Of course, if you accept, we can add a link to your blog or some of your website.
    The questions are enclosed, feel free to respond freely. You can return the doc with your answers if you accept this invitation.
    Thanks in advance and do let me know if you prefer other means to conduct this interview and we would be happy to accommodate your terms.

    Best regards,

  • pat says:

    Thks for all your insight met someone on the net plan on going to see if shes real before I invest the rest of my life with this person we ben talking for months on the phone my plan is to go there for week meet her if she is every thing weve talked about if I plan on bringing her back to ca with me Ill keep you posted and except any advise you pass on to me thks pat

    • Mike says:

      I’m always iffy about these meetings. Most often, the “women” (very few are women btw) are looking for a meal ticket. Even if she’s a real person, you still don’t know her true character or motives.
      She could play a good host and present the perfect dream girl for you…this would be until you get her stateside (or wherever you are), then once she’s got that residency permit, you’d see the real she. Ghanaian women are far more conniving and dangerous than western women. A lot of the women you’d meet online have laid in tens if not several hundred beds before age 20, and you’d make for the perfect unsuspecting victim.
      PLEASE BE CAREFUL! I’m not being cynical; I’ve come to know them far too well. Even that good Christian girl isn’t anywhere near angelic. Come and enjoy Ghana as much as you can, but I’ll leave you with this: not all that glitters is gold, and if it looks and sounds too good to be true, it most likely isn’t.

  • Princess Catherine says:

    Hi everyone!

    I have questions about Ghana. Do you think that I could live on 1025 Ghana cidies (GHS) per month. I intend on moving to Kumasi for 1 year. I have set aside 5000 Ghana cidies to furnish my house and purchase essential like a fridge, bed, washing machine, cooker and sofa. I will be on a holiday visa, so I will be unable to work in the country. I have seen very nice accommodation in Kumasi for around 350-400 GHs per month. I know that I will need to set aside money for electric and water, I will put aside 200 GHs for this. Food I have calculated to be 200 GHS a month, as I am a westerner and will want a few name brand items like Heinz ect. The remaining 225 or more I will use for entertaining myself during my days. Can I survive living in Ghana on this amount of money?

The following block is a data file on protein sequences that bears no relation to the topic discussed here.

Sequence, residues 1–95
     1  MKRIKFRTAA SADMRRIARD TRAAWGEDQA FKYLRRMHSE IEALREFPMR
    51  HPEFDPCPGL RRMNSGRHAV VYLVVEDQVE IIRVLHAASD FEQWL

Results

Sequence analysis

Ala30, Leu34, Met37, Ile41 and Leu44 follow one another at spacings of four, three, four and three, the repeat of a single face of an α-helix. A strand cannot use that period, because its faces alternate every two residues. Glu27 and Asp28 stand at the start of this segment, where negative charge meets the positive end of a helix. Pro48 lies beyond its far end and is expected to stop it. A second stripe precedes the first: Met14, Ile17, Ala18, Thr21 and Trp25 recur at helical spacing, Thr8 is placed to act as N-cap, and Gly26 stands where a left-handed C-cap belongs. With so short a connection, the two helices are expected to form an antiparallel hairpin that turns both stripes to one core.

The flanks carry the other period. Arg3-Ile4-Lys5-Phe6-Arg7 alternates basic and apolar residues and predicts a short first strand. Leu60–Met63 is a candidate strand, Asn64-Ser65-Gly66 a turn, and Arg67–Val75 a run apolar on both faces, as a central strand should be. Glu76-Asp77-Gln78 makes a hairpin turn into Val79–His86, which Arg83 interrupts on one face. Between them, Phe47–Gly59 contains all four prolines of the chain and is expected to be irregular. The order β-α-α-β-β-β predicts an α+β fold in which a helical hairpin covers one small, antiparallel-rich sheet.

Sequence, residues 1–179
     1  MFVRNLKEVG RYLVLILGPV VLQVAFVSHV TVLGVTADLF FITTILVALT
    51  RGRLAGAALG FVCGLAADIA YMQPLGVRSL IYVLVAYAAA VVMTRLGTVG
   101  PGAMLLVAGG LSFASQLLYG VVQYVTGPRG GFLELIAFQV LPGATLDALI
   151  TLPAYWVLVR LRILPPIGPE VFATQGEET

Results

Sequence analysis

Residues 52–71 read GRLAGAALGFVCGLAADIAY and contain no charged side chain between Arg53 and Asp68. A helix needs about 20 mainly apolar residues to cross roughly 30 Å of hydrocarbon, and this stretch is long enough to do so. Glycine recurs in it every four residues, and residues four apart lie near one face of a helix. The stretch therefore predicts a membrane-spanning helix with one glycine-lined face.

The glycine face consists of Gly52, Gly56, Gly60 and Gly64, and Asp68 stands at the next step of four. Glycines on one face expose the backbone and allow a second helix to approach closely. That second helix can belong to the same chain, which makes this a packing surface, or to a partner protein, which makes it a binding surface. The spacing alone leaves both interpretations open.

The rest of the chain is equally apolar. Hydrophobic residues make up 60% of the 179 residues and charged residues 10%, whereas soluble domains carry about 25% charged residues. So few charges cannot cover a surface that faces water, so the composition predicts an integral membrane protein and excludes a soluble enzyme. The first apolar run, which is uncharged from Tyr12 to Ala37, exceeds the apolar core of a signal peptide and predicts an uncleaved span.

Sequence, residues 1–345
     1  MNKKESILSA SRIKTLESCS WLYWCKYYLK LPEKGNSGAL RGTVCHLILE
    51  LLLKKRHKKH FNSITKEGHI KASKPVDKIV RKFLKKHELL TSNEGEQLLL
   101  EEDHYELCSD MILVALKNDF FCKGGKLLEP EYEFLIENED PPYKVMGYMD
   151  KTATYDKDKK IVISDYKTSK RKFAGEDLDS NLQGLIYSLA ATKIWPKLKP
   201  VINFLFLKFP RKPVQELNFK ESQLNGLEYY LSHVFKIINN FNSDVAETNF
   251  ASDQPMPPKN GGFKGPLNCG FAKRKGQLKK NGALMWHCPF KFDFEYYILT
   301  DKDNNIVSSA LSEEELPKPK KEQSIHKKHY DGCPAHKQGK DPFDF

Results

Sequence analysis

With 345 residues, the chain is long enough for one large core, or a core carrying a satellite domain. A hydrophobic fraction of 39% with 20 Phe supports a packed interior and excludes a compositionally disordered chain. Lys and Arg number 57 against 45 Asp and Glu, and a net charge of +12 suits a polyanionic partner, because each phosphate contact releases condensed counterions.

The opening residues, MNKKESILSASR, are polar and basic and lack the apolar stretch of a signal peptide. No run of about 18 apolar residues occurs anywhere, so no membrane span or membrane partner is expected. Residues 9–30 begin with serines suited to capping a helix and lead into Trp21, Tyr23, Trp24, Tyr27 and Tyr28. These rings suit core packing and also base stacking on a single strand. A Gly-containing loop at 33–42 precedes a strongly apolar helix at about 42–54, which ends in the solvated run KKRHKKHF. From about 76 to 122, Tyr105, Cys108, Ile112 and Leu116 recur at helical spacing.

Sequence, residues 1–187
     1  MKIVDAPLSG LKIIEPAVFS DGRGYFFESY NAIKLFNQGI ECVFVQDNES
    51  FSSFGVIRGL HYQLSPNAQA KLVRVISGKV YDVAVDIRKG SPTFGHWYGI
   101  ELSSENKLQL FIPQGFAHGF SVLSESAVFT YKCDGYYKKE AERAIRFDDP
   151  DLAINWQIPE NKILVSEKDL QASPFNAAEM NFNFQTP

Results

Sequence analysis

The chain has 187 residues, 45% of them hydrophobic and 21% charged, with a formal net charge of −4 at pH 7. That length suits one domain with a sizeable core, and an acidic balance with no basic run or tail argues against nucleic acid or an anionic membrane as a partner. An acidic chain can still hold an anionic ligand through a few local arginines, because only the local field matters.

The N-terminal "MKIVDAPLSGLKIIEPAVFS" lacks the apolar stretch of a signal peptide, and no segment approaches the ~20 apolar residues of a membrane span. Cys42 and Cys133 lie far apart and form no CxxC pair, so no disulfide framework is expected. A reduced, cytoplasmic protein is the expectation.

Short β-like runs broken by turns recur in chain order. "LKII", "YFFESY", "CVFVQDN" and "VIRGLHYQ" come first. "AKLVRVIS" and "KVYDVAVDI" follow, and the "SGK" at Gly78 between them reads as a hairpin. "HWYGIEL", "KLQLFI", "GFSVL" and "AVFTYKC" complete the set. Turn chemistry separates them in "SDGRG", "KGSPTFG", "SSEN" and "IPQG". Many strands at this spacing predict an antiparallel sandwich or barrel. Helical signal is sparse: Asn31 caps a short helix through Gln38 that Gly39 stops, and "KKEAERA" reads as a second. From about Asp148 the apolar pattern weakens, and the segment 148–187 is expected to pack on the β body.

• Mike says:

      Catherine, let’s see if I can answer your question.
      You mentioned looking into buying a washing machine…does that mean the apartment comes with running water?
      Anyway, the 400ghc sounds normal for rental, but I don’t know enough about Kumasi, so I can’t tell if it’s in a fair range or not. That leaves you with 600ghc?
      Here’s how I break down the rest of your budget:
      200ghc for food per month is a very tight squeeze. That’s basically saying you’ll be living on less than 1ghc/day! I won’t say it’s impossible, but that’s stretching it.
      If you’re very good with managing your finances, then maybe 250-300ghc might work, but 200ghc might be a tad too tight.

      Utilities: I asked earlier if you’ll have running water. If so, it’s possible 200ghc could cover both water and electricity. But ECG (the nation’s power provider) has a way of over billing customers and the prepaid meters have been found to also over-bill. But if you’ll have a TV set, notebook, maybe a fan on all night, a flew clothes ironing every week, who knows? 😏
      You also failed to mention phone/internet usage. If you’re looking to manage your money, having 3G bundle with 3-5GB data package with most of your calls being VOIP (whatsapp, FaceTime etc) will be ideal. This is between 30-60ghc depending on the mobile network.

      As for the brand thing…we import everything, so you’re bound to find some western item you want- just know if it’s quality, it’ll cost you!

      Also, allow between 5-15ghc daily budget on transportation. If you’ll go through more than 2 transit stop everyday, expect to spend 1oo-150ghc a month just on transportation, and that’s not including taxis.

      If I were you, I’d wait on spending that 5000ghc. For the mean time, a you’ll need when you get into your apartment are the bed, mosquito net, light bulbs and a good extension cord to charge your mobile devises. Have someone help you get a good queen student bed. They shouldn’t be more than 500ghc. The washing machine is a bit iffy. If you want new, expect no less than 1000ghc for a new decent one. If you don’t have running water, your cost of setting up a washing machine could easily run past 2000ghc (washer, pump, installation)! And there’s a good chance it’ll stop working before 6 months, and you’d be stuck with a useless washer. I’d rather you get one of those portable hand washers and bring it down. You can find one at the Game store at Accra mall. It’ll be far cheaper and you can take it with you on short trips. You could also have someone hand wash your items for a small fee. A good glass table top stove with two burners shouldn’t cost more than 100ghc; mind you, the propane/lpg cylinder that’ll you also need will be between 50-100ghc.
      All in all, if you shop around well, you could spend not more than 2000-2500 on all your necessities. It might be worth buying some items in Accra before heading to Kumasi. There might be mark-ups on some products because retailers buy their products from Accra.
      Anyway, saving 2500-3000 from that initial 5000ghc should give you between 200-250ghc you can add to your already tight monthly budget. hth

  • Dela says:

    Mike you good?